Anatomy Training by Dan Crossland


Registration for my Artistic Anatomy instructed class is open!

Now is your chance to finally commit to mastering human anatomy. Come and Join me for this Spring term as I teach you how to apply the academic fundamentals of anatomy into your 3D sculpture work to create convincing and artistically beautiful work. It's the combination of academic and artistic learning that makes this class so special!

There is still time to register, hope to see you in class!

Dan Crossland

Female Proportional Reference Figure is now available! by Dan Crossland


Following the popular release of my proportional male anatomy figure,
I am now happy to bring you the Female Figure at my new Anatomy Shop

Start your project with good reference material by downloading this figure, which now also includes a complimentary reference guide with key measurements.

This model is great as a starting point or a reference guide to have in your scene as you block out new anatomy.

Compatible with Zbrush 4R8-P2 or above.

proportional male reference figure by Dan Crossland


I have had a few questions recently regarding proportion. It can be tricky to keep track of limb lengths, especially when you start hitting a posed sculpt. Late last year I made this proportional male reference model based on the 8 heads canon of measurement, used by artist's throughout the centuries. The style of the model has been kept simple and clean so it won't affect your artistic decision making as you sculpt.

This is a really helpful point of reference for any sculpting task, allowing you to load the model into any scene to check your measurements, or use as a starting point for your sculpts. I give it freely in the hope it will help other artists of any figurative discipline. Finally, I will most likely make a female version of this model this year,  I will keep you posted!

To download this free figure please subscribe.





Hi Guys, its the last week to register for my artistic Anatomy course with Mold3D.
I'm getting ready for the next 8 weeks and if the last few semesters were anything to go by its going to be as exciting as ever. I can't wait to meet and study with you all as we take part in studying the human form as a group, which is always a great place to share and improve our skills. I can certainly help in some sticky areas that some find hard to get to grips with. We will demystify and uncover the human physiology. I hope by the end of the 8 weeks course it will boost your confidence to go forth in your chosen path more comfortable in your rendering of the human form, whether it be digital or traditional.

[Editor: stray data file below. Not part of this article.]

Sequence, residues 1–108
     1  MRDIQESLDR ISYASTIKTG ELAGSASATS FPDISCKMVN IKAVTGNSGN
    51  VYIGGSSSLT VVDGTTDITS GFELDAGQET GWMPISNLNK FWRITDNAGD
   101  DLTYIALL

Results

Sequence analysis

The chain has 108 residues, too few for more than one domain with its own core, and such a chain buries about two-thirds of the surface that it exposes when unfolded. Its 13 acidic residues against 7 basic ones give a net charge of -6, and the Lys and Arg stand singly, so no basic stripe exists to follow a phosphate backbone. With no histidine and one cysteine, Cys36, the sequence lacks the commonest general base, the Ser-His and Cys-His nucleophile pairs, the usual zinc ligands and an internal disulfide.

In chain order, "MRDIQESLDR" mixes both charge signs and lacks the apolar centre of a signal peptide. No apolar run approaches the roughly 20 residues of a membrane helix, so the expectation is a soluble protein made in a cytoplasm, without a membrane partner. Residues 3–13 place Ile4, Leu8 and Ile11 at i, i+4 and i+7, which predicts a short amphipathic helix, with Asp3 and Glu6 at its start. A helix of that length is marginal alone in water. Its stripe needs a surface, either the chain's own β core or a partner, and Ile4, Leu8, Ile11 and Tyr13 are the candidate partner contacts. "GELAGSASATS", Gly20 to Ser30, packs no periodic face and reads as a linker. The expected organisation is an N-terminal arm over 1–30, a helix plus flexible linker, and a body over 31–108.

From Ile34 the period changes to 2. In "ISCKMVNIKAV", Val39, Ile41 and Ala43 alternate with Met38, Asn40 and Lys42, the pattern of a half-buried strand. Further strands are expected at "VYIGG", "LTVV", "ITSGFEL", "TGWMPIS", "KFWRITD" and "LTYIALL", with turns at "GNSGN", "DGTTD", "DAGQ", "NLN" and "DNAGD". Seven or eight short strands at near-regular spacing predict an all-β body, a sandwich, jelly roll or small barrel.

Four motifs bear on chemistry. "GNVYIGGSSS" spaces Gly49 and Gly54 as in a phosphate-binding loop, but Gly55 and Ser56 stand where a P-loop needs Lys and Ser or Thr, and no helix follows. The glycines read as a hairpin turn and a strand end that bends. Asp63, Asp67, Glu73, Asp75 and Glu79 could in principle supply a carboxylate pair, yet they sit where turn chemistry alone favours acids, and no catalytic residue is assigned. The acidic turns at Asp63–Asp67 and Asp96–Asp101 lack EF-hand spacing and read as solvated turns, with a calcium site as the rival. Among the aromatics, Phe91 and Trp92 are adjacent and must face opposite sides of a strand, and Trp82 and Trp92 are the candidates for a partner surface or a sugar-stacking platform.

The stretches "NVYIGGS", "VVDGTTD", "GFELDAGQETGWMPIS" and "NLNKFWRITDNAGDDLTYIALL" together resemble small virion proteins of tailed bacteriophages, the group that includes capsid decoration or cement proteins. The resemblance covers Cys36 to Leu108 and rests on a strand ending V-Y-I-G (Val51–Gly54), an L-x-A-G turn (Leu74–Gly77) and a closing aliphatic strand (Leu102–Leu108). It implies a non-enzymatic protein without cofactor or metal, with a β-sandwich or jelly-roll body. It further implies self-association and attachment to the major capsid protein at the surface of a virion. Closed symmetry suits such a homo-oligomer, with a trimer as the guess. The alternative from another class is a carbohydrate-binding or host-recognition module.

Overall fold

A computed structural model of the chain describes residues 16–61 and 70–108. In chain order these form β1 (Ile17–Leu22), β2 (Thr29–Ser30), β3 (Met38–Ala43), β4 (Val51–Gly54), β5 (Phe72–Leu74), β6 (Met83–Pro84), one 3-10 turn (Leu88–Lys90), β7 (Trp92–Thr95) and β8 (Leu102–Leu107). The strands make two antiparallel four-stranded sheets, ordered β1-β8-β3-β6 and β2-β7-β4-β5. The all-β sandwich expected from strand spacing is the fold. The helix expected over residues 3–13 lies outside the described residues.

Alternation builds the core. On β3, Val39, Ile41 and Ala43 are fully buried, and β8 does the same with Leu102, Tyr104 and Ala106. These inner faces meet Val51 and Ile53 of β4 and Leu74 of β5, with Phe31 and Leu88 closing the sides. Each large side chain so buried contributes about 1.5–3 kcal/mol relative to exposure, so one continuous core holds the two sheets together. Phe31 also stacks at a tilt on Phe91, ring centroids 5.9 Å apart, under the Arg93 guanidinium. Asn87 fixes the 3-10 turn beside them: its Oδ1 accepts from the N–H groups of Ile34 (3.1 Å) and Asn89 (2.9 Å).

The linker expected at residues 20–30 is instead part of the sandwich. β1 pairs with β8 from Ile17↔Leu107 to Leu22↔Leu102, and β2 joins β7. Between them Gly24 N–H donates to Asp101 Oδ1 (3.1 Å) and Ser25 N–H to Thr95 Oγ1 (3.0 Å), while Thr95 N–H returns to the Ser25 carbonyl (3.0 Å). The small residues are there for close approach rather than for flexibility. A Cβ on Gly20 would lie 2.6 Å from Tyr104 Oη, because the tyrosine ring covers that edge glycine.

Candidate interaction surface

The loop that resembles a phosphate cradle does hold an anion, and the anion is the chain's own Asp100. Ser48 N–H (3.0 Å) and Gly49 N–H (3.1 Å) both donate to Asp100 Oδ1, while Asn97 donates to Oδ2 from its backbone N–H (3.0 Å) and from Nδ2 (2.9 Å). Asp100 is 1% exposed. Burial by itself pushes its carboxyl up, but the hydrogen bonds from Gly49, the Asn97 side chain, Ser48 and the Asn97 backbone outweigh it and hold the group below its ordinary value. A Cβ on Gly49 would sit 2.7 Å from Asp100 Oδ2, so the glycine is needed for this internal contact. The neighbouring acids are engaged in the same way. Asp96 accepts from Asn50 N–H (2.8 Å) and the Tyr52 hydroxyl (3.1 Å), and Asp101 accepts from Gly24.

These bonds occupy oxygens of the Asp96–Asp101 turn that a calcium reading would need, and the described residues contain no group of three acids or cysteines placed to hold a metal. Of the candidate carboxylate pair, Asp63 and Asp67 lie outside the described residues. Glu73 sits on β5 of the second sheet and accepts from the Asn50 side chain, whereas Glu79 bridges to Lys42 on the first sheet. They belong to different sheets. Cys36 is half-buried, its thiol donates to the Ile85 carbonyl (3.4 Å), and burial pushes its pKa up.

Male Vs Female Skull in 8 easy steps by Dan Crossland

Whether it be drawing, or sculpting in clay or digital, knowing  the key differences between the male and female skull are fundamental to creating a convincing realistic or stylised human head,

Here are 8 easy guidelines that I have learned through my anatomy projects, which I hope you find useful for your own work. I have separated the main differences between the male and female skull. However, that is not to say that features mentioned here are not found in their opposites, but as a general rule the following applies. 

Lets take a look at the major differences between the male and female skull:

Masculine Skull
1 -  Projection of the brow ridge and nasal eminence beyond the root of the nose (ref-1)
2 - Projection of the forehead at an inclined angle (ref-2)

Feminine Skull
3 - Reduced weight and volume, thinner skulls walls, especially notable on the brow ridge and nasal eminence (ref-3)
4 - Mandible is smaller with a more open angle (ref-4)
5 - Bony processes and projections are smoother with less definition where the muscles insert, supra-mastoid crest,        nuchal lines, zygomatic process, and supraorbital ridge etc (see blue markers)
6 - Forehead more vertical continuing directly with the nasal bones (ref-5)
7 - The parietal and frontal eminences are more developed, more room for brain cells :)  that's probably why females      are so good at multi tasking (ref-6)
8 - Flattened vertex (top of skull) (ref-7)

A New Era... by Dan Crossland

A few months ago FormLabs/Pixologic contacted me about using the dancer model I sculpted a while back. They wanted to 3DPrint her to showcase their latest Form2 printer and use the process for their marketing material.

I originally made the dancer back in 2009 for Gnomon Workshop. I was surprised that they wanted to use something that was originally just a sketch that I hadn't touched for years.
She needed some cleanup and prep for print but actually this was pretty minimal.  It was nice that she still had that appeal.

Form 2 Labs kindly set me one of the test prints, which I received this morning. I'm really happy with how it came out. It measures 18cm and the detail is great given how delicate it is. She will need some light sanding and polish, which will be my next step, then a coat of acrylic. 
The potential for this printer is exciting.

Getting this figure 3D printed has been great research for a new project that I am working on, which I am very excited about. The new project should complement my Artistic Anatomy course with Mold3D. More on this coming soon!

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I'm pleased to announce I will be teaching again this year with the Mold 3D Academy. Registration is now open I hope to see you all soon for some anatomy study and sculpting.